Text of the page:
[That’s kind of ironic.  I later served as part of an intelligence task force.  And we ranked somewhere between tuberculosis and drowning as a cause of Iraqi death.  Kidding.  But seriously, don’t think you’re gonna switch your MOS and not have to go into combat.  Even if you switch to something totally pogue-ish, like Laundry Service Specialist, you’ll end up going to war and finding out that contractors do our laundry, which frees you up to guard convoys.  Yay.  This kid was named Manning and besides coughing on me every night and getting me sick, he also was a weak sister.  He did have one skill.  He could fart continuously and on cue.  It was sort of cool. I think he like sucked air into his anus.  Because that’s a guy you’d like in a foxhole next to you.  Killing?…well no.  Coughing? Check.  Farting? Check PLUS.  There were a few other turds that I’d like to call out in detail, which if I don’t mention in my letters, I’ll go back and tell you all about them.  Basically, everyone gets caught avoiding work, is tired and sick, has second thoughts, doesn’t get along with someone, etc.  But these sh*tbirds went above and beyond] 

    The other night the drill sergeant made me do a bunch of work on Excel in his his office because I raised my hand when he asked who was a computer geek.  The other guys had to unload trucks or something horrible like that. While I was in his office, a lot of guys came into the office to complain about their problems. And these are guys who seemed outwardly strong.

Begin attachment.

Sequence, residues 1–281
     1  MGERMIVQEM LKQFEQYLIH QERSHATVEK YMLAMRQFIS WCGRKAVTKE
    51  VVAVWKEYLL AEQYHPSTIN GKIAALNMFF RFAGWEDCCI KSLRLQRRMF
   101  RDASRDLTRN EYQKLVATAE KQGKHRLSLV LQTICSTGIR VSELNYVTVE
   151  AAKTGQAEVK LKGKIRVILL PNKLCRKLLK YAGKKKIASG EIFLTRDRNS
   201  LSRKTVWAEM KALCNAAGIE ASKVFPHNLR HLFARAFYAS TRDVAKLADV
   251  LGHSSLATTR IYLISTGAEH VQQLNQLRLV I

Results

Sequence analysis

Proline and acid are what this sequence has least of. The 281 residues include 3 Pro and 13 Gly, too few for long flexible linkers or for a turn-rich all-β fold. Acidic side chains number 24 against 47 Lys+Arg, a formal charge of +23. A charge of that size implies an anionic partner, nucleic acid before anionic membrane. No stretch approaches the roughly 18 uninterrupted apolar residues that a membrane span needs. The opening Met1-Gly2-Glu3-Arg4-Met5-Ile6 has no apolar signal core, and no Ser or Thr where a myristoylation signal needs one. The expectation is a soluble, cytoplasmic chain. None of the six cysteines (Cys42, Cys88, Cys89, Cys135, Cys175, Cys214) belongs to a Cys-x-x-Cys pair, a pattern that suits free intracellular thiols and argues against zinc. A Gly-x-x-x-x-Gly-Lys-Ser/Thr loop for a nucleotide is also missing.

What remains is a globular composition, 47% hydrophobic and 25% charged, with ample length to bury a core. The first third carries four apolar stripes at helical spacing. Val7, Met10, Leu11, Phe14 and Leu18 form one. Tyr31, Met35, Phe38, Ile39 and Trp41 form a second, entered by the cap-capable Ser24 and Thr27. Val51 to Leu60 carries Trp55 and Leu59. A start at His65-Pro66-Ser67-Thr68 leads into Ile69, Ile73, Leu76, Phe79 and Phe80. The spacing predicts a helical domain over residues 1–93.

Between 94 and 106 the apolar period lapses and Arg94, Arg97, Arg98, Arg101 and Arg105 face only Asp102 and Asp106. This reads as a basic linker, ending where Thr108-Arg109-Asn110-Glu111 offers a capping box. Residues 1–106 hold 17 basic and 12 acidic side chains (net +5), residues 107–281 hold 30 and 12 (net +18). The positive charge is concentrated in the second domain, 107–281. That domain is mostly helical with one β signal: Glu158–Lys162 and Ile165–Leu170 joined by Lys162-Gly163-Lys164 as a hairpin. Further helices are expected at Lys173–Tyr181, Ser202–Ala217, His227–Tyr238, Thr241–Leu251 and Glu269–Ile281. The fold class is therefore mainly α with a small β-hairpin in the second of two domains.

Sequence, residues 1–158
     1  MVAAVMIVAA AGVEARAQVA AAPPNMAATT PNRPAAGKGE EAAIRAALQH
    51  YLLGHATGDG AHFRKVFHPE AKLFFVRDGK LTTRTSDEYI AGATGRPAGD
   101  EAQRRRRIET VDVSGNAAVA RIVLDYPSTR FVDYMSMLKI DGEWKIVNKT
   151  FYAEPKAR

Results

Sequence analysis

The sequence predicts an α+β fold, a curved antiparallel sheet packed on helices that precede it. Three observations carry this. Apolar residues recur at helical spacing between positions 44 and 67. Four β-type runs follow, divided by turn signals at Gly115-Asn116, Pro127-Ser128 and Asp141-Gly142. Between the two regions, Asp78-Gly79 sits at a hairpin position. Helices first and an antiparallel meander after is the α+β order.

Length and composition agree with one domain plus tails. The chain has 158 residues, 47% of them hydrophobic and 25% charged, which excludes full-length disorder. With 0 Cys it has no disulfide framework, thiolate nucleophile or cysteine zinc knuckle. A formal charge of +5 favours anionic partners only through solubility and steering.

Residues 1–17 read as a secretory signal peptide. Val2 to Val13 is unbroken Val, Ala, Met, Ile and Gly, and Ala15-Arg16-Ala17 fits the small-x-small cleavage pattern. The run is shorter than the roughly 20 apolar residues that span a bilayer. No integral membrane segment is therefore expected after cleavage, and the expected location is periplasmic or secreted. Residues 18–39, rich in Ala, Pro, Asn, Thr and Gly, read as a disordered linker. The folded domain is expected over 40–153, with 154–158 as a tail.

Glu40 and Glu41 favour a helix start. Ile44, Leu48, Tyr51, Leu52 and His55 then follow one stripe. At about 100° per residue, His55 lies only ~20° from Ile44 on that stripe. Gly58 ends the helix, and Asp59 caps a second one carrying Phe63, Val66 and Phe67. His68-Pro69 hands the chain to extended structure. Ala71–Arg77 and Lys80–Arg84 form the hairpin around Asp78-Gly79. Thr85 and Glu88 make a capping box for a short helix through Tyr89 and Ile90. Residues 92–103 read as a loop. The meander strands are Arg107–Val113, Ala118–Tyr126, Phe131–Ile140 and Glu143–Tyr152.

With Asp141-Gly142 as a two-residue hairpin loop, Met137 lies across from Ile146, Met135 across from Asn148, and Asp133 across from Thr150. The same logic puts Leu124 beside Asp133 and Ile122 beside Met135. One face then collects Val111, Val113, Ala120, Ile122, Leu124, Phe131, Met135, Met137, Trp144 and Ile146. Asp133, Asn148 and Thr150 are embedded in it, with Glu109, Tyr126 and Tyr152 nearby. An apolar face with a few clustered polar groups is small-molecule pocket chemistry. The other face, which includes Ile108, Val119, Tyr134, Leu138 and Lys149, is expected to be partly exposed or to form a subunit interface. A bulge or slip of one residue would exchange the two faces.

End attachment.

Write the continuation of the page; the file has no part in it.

[Wa’ah, my girlfriend is leaving me.  Wa’ah, how come we can’t use the phone more?  Wa’ah, I’m homesick.  In other news, it’s great to be the computer guy.  There are a lot of “single” jobs in basic training that guys get. Right now I can’t remember any of the others, but I don’t know how many times the drill sergeants would call me in to fix their computer while everyone else was dong pushups or yard work or something.  And they were terrible with computers. Like one time, they couldn’t figure out how to print something in Microsoft Excel because they didn’t have the little button that looks like a printer on the top of the screen.  I went to File -> Print.  But I’d always stall and pretend it was taking a long time because I wanted to avoid work and because I liked overhearing gossip]